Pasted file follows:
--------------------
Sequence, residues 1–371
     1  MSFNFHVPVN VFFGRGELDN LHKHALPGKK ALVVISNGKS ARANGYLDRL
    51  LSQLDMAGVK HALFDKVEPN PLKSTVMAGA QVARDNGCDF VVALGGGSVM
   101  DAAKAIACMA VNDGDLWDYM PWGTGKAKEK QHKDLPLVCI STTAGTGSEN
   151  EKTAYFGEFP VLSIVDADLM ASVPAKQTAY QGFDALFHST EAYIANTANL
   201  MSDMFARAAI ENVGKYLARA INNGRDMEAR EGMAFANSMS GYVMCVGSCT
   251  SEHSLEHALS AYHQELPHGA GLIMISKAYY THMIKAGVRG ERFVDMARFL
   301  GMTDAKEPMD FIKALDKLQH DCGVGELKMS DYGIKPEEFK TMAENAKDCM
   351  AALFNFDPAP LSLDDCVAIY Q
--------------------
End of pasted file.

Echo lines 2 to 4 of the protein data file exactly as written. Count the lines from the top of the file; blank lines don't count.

     1  MSFNFHVPVN VFFGRGELDN LHKHALPGKK ALVVISNGKS ARANGYLDRL
    51  LSQLDMAGVK HALFDKVEPN PLKSTVMAGA QVARDNGCDF VVALGGGSVM
   101  DAAKAIACMA VNDGDLWDYM PWGTGKAKEK QHKDLPLVCI STTAGTGSEN